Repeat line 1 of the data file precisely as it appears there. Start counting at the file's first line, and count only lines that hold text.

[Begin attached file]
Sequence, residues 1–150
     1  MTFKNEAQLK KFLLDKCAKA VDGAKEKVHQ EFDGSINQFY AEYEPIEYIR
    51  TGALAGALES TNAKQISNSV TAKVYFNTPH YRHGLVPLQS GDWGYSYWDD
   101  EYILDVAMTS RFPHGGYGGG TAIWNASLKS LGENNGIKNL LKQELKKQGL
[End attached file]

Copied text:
Sequence, residues 1–150